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CNET Is Experimenting With an AI Assist. Here's Why

For over two decades, CNET has built our reputation testing new technologies and separating the hype from reality.

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Dipesh Dk/500px/Getty Images

There's been a lot of talk about AI engines and how they may or may not be used in newsrooms, newsletters, marketing and other information-based services in the coming months and years. Conversations about ChatGPT and other automated technology have raised many important questions about how information will be created and shared and whether the quality of the stories will prove useful to audiences.

We decided to do an experiment to answer that question for ourselves.

For over two decades, CNET has built our reputation testing new technologies and separating the hype from reality, from voice assistants to augmented reality to the metaverse.

In November, our CNET Money editorial team started trying out the tech to see if there's a pragmatic use case for an AI assist on basic explainers around financial services topics like What Is Compound Interest? and How to Cash a Check Without a Bank Account. So far we've published about 75 such articles.

The goal: to see if the tech can help our busy staff of reporters and editors with their job to cover topics from a 360-degree perspective. Will this AI engine efficiently assist them in using publicly available facts to create the most helpful content so our audience can make better decisions? Will this enable them to create even more deeply researched stories, analyses, features, testing and advice work we're known for?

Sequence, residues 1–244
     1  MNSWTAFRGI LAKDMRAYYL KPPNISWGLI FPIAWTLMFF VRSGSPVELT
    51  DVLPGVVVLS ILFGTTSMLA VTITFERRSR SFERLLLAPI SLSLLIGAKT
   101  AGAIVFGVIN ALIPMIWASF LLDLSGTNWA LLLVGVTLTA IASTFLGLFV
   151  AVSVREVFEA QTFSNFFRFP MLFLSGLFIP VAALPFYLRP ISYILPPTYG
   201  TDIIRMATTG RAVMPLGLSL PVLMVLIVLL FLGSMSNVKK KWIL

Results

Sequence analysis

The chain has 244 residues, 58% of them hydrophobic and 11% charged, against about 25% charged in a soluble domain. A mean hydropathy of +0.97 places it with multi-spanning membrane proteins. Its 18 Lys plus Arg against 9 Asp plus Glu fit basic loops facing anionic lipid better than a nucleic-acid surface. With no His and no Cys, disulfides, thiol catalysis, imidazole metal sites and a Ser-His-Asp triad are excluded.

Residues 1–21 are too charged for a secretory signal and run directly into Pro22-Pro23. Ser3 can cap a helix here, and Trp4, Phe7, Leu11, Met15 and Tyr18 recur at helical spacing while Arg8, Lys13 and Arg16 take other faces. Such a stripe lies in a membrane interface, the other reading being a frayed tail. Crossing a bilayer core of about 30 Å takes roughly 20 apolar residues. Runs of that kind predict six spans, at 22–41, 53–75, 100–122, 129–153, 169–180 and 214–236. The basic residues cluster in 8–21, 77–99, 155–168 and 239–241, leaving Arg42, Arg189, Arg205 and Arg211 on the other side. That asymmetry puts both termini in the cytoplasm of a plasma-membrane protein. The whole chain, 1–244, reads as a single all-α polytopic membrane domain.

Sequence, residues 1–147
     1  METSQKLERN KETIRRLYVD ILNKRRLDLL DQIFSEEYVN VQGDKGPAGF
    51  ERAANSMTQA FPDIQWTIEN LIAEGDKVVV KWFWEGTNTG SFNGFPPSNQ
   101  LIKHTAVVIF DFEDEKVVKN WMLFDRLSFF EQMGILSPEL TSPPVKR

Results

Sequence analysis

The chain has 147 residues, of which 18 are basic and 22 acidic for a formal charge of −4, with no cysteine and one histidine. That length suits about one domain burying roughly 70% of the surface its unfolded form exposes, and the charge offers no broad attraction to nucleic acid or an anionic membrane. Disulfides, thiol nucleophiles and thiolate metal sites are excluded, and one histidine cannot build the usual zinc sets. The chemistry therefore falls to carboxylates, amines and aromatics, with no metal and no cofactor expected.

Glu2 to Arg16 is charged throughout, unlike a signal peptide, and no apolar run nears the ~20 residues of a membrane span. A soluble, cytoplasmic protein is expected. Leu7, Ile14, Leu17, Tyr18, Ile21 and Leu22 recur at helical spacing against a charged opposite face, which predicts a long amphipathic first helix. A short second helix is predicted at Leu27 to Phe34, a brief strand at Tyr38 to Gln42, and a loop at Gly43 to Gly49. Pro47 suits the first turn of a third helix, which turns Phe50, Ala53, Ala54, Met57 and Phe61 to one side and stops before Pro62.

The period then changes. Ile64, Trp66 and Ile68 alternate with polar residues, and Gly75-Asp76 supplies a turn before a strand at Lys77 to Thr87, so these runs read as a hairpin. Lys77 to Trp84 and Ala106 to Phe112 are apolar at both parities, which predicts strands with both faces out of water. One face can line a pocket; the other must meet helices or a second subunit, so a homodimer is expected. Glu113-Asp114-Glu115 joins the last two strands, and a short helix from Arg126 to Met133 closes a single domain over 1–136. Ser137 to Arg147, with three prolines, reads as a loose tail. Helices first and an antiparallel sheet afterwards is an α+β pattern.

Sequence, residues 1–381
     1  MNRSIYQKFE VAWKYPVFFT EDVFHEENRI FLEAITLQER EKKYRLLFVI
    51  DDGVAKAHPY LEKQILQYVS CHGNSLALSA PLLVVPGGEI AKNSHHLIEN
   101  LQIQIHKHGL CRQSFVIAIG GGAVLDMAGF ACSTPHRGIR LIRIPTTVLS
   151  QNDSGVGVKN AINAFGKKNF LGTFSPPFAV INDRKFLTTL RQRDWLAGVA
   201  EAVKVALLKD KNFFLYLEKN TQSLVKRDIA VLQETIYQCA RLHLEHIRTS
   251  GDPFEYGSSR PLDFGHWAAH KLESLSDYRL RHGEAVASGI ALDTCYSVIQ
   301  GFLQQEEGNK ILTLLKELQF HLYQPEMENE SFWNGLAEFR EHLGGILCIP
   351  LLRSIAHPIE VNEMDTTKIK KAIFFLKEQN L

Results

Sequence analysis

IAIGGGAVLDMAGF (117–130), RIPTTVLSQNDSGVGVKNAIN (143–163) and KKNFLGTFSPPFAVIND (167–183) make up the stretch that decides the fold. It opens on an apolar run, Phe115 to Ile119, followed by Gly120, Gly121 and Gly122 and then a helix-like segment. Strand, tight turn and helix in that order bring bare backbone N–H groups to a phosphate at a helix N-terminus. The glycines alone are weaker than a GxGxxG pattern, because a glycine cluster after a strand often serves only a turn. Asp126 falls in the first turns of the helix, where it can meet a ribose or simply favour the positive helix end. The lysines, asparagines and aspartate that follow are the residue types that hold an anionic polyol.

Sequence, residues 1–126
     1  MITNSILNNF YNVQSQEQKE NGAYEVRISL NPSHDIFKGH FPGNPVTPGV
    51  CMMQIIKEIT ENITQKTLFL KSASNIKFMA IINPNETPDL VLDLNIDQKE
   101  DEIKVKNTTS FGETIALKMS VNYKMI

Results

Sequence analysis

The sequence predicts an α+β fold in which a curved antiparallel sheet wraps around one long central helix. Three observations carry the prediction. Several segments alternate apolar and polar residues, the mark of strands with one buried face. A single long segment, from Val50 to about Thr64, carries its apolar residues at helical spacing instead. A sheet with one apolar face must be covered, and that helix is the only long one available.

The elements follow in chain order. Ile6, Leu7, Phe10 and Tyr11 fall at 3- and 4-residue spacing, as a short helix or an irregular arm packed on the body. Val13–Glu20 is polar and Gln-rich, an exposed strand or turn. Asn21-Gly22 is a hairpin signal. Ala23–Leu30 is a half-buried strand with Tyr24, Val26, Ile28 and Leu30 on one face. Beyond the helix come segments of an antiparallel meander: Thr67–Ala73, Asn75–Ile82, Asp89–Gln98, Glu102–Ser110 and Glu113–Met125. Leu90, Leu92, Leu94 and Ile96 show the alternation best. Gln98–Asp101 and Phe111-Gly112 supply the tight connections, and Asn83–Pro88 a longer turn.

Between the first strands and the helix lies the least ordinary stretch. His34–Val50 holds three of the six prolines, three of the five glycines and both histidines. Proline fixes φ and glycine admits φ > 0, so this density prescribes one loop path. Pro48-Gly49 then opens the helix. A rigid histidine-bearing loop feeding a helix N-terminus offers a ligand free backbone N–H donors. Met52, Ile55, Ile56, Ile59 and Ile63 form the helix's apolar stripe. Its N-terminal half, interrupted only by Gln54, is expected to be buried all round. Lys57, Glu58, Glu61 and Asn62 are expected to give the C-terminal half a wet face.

I use the term "AI assist" because while the AI engine compiled the story draft or gathered some of the information in the story, every article on CNET – and we publish thousands of new and updated stories each month – is reviewed, fact-checked and edited by an editor with topical expertise before we hit publish. That will remain true as our policy no matter what tools or tech we use to create those stories. And per CNET policy, if we find any errors after we publish, we will publicly correct the story.

Our reputation as a fact-based, unbiased source of news and advice is based on being transparent about how we work and the sources we rely on. So in the past 24 hours, we've changed the byline to CNET Money and moved our disclosure so you won't need to hover over the byline to see it: "This story was assisted by an AI engine and reviewed, fact-checked and edited by our editorial staff." We always note who edited the story so our audience understands which expert influenced, shaped and fact-checked the article.

Will we make more changes and try new things as we continue to test, learn and understand the benefits and challenges of AI? Yes. 

In the meantime, CNET is the world's largest consumer tech news and advice site because our global audiences trust the stories that are assembled and curated by our knowledgeable, award-winning reporters and advice experts around the world. 

We can't speak to how other organizations are thinking of AI. Some are very transparent about how they're using AI to help with their information services, such as the Associated Press. We'll continue to assess these new tools as well to determine if they're right for our business. For now CNET is doing what we do best – testing a new technology so we can separate the hype from reality.

Thanks for reading.